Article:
In our tests, the Tramontina 10-Inch Professional Restaurant Fry Pan distributed heat more evenly than other nonstick pans, thanks to its thick cast-aluminum construction. The flared edge let us easily scrape the corners with a spatula, flip fried eggs, and slide omelets onto a plate. This lightweight pan is easy to maneuver, and we appreciate its comfortable handle, with a removable silicone sheath for heat protection. With proper care, the Tramontina’s nonstick coating should stay slick and scratch-free for at least four years (based on our experience so far). If you have an induction cooktop, however, go with one of our other picks, because this Tramontina pan isn’t induction-compatible. Note that you can find variants of the 10-inch Tramontina pan sold specifically by retailers such as Sam’s Club and Walmart. A Tramontina representative told us these variants are the same pan aside from aesthetic differences (such as the color of the handle and the number of rivets), but we’ve tested only the 10-Inch Professional Restaurant Fry Pan in person.
If for some reason our top pick is sold out, the Nordic Ware Restaurant Cookware 10.5-Inch Nonstick Fry Pan is a solid second choice. It’s made from cast aluminum and has flared sides, a bent lip, and a silicone handle—just like our top pick. (Also like our top pick, it won’t work on induction cooktops.) The Nordic Ware pan’s coating isn’t as smooth to the touch, but that didn’t impact its nonstick qualities. Eggs and crepes released from the pan just as easily as from our other picks. The Nordic Ware’s nonstick coated inner rivets (which some folks find easier to clean than uncoated ones) are an added perk (and the Tramontina pan doesn’t have these). The Nordic Ware pan is a solid choice, but it’s not our top pick because we want to see firsthand how well the nonstick coating holds up to real-world use over time.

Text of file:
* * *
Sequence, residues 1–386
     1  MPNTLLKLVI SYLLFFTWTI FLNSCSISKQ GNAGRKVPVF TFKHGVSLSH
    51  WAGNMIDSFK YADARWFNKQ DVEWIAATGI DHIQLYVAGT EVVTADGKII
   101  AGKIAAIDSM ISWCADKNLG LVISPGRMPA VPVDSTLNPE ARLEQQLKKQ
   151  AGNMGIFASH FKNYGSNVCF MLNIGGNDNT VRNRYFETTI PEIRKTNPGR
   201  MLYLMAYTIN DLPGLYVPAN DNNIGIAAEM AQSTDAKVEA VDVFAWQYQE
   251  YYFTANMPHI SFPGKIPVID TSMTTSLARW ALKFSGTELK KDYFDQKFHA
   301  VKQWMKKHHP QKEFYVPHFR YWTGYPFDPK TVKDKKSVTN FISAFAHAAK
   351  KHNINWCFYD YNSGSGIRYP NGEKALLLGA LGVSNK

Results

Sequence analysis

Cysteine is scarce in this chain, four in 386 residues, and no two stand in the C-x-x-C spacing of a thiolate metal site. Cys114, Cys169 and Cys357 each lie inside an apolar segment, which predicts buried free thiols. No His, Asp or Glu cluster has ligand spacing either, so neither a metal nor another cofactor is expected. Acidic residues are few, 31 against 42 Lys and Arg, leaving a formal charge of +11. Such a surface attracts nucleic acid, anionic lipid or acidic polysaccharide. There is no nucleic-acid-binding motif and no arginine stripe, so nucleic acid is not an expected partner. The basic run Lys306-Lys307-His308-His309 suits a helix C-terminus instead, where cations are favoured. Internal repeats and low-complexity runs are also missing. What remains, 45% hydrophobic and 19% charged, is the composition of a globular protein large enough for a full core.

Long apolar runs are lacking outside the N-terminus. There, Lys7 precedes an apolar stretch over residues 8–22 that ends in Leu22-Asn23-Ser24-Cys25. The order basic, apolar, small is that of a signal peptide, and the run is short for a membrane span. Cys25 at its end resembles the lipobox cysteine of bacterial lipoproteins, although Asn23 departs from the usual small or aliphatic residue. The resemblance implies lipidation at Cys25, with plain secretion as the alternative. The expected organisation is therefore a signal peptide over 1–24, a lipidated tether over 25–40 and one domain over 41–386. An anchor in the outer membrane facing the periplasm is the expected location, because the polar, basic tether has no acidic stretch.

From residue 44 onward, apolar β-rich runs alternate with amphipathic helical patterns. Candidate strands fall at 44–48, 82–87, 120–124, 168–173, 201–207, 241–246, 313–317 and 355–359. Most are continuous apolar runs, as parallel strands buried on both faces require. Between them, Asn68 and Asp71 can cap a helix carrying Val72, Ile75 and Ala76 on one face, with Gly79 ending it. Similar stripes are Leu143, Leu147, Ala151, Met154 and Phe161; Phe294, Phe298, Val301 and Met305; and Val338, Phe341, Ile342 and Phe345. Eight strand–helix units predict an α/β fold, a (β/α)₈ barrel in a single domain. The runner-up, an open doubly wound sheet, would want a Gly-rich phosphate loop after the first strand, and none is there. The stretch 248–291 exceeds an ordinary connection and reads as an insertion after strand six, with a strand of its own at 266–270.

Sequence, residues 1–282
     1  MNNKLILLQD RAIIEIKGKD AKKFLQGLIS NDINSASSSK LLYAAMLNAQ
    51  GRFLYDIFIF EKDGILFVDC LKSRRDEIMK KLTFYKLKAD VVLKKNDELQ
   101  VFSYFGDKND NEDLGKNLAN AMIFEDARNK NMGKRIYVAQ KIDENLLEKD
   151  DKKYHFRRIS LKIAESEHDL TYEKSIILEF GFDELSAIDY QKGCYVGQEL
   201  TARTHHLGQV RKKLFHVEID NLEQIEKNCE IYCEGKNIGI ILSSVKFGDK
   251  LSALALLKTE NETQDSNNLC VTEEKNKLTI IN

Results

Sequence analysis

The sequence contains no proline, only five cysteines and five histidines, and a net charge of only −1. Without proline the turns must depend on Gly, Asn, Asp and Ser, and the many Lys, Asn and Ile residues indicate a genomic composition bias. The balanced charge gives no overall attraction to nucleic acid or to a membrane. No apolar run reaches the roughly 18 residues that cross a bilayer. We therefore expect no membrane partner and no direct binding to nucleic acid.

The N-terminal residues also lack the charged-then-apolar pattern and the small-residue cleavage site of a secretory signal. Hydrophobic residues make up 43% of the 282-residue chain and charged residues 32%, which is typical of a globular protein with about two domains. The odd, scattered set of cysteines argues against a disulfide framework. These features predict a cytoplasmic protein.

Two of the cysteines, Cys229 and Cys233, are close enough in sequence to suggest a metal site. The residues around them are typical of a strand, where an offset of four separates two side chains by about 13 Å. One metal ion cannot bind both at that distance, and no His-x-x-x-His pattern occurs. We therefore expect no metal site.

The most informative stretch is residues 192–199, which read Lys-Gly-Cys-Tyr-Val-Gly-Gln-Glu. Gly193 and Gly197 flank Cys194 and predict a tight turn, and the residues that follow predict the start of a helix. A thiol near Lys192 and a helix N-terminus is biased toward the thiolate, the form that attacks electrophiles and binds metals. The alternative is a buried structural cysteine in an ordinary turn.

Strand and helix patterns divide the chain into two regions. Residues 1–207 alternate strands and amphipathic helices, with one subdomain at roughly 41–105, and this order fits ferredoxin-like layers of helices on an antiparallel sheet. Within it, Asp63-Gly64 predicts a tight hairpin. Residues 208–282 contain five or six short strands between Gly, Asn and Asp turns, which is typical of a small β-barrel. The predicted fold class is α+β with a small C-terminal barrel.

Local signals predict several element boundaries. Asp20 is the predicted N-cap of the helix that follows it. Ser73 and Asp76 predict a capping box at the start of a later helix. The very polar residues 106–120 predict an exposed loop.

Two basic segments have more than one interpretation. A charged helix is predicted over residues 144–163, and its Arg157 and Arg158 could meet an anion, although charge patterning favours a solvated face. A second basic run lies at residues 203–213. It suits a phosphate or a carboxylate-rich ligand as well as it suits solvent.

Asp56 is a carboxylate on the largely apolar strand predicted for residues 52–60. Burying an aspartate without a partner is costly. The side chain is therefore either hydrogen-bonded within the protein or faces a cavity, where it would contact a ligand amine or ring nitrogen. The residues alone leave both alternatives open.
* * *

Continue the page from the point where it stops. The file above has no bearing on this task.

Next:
If you cook on an induction cooktop, you’ll want a nonstick skillet with an encapsulated disk—a thick, tri-ply steel and aluminum plate—welded to the bottom of the pan. Induction burners generate heat with a magnetic field, so the base of the pan needs to contain ferrous metals, like iron and steel, in order to work on induction. Of the encapsulated-bottomed nonstick skillets we looked at, the Ozeri 10-Inch Stainless Steel Pan with Nonstick Coating is our pick for people who cook on induction ranges. It has a good weight, nice balance, and a comfortable rounded handle. The Ozeri pan also heats up quickly and evenly (which wasn’t the case for all of the induction-compatible skillets we tested), and the slippery coating allows food to slide around with zero resistance. You can find two different versions of this Ozeri pan: one with black nonstick coating and one with bronze nonstick coating. We tested and solely recommend the black version, as we’ve seen some evidence that the lighter-colored coating may not be as durable.
If you want to have more than one pan, the All-Clad B1 Hard Anodized Nonstick Fry Pan Set 8″ & 10″ is a great deal. These thick-gauge hard-anodized aluminum pans heat evenly (albeit slowly) and cook delicate foods just as well as a $130 tri-ply nonstick skillet. They also work on all cooktops, including induction (although their bonded steel base doesn’t heat as evenly as the multi-layer encapsulated bottom on the Ozeri pan). The 10-inch B1 pan is heftier than our top pick (it’s almost 3 pounds, whereas the Tramontina weighs about 2 pounds). But the comfortable rounded handles and excellent balance make both All-Clad B1 pans easy to maneuver. This set isn’t our top pick because we think most folks can get by with one nonstick skillet.